Updated: Sep 19, 2019
Writer/Artist/Letterer: Stan Sakai, Colorist: Tom Luth
Usagi Yojimbo: Bunraku is a three-part story of extremely colourful backgrounds and a platter of anthropomorphic character designs. Written and illustrated by Stan Sakai and coloured by Tom Luth, the story is set in the Edo period. The story opens with Sasuke, a demon-hunter fox who has just vanquished one demon nemesis and is sent on another quest to Kuroyama Mura by his mentor Lord Soki. Kuroyama Mura is where our ronin (wandering samurai) Miyamoto Usagi is currently passing through.
Miyamoto is attending a Bunraku, puppet play and is impressed by the talent of the blind Tayu (the narrator in a Bunraku play). Master Takagi and Miyamoto have tea and discuss the art of Bunkraku and the importance of happy stories and part their ways. That very night a murder happens, and Usagi and Sasuke run into each other and begin investigating.
Usagi Yojimbo’s strongest suit is its crisp narrative structure. The story is fast and linear, it has a set goal, Sasuke has to identify the source of evil and defeat it, though his life force is depleting. It’s Usagi who provides interesting expressions in his panels when he realizes he has to partner with Sasuke. Usagi can feel something is wrong around, but he prefers to be left alone than to fight the supernatural.
The dialogues are simple and serve as the only means to tell the story, they are bereft of the liveliness that rest of the art has. The verbal exchanges between the characters are Japanese in the essence but it never alienates the reader.
What I absolutely enjoyed was the art, though the panels are standard without a single panel break or gutter space tempering. It’s the things that are happening within panels, each and every character is drawn are alive, the expressions are distinct and exaggerated but never lose the seriousness of the story. The cityscape, the forest, the demons; all drawn with details that are gorgeous to look at. The action scenes are vivid and balance the supernatural so well in the cartoon style art form. I loved the character design of Usagi. Usagi in Japanese means bunny, but Miyamoto Usagi is far from fluffy! He is skinny and has one accentuated eyebrow and his bunny ears are tied together like a samurai knot. The design is funny yet the expressions on Usagi’s face are far from funny.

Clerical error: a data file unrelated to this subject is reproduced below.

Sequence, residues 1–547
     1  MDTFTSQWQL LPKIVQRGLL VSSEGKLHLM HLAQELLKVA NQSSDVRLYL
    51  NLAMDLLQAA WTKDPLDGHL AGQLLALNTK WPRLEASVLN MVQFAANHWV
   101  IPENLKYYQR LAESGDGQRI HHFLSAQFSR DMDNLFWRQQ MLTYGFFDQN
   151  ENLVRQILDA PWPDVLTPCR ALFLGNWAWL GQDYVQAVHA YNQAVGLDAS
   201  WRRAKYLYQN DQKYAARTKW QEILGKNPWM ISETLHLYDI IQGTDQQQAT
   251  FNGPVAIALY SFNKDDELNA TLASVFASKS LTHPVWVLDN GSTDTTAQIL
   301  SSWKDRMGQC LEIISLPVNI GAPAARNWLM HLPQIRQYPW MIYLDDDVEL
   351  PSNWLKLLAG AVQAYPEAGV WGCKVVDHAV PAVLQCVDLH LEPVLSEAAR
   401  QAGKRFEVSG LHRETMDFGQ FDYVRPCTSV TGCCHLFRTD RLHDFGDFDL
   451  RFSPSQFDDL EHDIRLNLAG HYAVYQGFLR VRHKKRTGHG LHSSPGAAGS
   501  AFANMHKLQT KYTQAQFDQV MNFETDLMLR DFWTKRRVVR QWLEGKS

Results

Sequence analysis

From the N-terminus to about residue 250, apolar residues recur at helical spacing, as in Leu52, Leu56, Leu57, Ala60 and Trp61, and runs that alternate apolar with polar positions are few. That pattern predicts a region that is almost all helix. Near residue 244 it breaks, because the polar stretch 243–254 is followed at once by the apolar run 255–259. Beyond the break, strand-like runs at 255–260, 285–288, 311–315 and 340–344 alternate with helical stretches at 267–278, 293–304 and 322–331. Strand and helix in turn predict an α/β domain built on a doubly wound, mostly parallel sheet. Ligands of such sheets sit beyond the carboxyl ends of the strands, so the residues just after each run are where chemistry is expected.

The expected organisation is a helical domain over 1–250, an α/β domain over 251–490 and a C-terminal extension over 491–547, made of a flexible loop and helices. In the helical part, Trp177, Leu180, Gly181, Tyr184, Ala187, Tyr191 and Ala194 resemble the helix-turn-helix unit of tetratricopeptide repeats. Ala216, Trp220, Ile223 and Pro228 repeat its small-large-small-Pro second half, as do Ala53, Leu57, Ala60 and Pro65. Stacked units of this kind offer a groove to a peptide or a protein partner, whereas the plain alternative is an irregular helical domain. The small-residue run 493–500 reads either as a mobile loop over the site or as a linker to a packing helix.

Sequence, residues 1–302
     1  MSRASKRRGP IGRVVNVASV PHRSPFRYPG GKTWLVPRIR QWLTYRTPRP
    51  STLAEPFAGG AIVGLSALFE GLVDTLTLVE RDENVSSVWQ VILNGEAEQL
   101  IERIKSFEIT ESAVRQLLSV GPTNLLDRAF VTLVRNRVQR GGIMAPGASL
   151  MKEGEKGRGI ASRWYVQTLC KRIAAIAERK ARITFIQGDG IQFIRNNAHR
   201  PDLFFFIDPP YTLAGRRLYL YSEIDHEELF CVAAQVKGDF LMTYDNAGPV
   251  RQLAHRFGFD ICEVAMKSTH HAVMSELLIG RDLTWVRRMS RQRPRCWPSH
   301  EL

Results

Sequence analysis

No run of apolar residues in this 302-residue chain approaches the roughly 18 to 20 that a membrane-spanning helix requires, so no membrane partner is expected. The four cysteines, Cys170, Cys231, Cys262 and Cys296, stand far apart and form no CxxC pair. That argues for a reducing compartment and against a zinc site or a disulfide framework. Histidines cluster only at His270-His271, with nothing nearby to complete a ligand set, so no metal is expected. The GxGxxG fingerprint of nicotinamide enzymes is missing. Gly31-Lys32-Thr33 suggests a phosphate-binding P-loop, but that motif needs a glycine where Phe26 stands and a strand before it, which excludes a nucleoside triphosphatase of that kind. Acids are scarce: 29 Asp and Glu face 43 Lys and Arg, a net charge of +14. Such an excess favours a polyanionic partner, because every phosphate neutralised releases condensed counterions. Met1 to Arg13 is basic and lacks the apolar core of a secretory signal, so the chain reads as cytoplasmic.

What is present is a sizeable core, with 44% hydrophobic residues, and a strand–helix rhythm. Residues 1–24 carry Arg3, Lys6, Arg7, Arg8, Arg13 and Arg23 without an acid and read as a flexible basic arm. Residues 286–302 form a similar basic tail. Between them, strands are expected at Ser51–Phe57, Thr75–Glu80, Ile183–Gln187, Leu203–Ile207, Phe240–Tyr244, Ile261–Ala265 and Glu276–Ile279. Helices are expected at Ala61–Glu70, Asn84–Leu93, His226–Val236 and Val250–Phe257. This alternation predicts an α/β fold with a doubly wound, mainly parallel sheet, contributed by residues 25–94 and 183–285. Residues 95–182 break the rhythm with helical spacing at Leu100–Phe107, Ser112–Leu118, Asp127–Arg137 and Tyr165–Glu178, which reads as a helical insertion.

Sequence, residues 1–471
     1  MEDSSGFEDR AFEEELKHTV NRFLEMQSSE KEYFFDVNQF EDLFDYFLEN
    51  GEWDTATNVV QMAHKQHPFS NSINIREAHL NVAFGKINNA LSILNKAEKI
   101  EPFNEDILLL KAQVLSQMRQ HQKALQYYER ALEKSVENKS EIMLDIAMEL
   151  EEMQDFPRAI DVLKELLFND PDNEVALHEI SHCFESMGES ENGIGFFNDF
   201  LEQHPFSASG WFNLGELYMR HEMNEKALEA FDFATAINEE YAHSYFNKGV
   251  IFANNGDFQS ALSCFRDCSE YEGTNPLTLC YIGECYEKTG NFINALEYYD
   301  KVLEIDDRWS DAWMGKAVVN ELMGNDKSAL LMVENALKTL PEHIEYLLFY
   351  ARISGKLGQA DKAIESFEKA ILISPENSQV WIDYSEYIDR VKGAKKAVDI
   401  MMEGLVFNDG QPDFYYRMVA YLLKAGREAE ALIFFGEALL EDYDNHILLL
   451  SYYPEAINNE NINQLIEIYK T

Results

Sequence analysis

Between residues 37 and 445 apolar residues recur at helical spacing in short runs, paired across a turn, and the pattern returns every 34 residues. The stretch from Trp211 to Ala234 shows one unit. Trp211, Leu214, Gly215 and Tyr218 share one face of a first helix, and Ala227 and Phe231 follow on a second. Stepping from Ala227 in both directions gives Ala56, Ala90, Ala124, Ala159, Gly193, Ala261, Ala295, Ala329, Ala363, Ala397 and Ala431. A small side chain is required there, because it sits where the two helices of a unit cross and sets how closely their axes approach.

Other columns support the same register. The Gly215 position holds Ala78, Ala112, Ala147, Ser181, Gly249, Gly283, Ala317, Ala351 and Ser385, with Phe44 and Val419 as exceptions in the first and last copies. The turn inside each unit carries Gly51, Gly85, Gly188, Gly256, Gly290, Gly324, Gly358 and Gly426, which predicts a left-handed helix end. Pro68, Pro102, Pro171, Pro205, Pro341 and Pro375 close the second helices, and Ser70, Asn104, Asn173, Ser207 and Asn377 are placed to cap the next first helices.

The only little issue I had with was the puppet designs, I know the narrative implied that the puppets were meant to be lifelike, but if they had not been small in size it would’ve been hard to differentiate between the live characters and the puppets. And as a very new reader to this series who had no idea about this universe of Usagi Yojimbo, when Sasuke and Usagi talk about a nemesis from past issues, new readers might get confused for a bit. I loved the story note in the end, it was a lovely insight into Bunraku tradition.
Overall, Usagi Yojimbo: Bunraku is a nice issue to enter this universe with.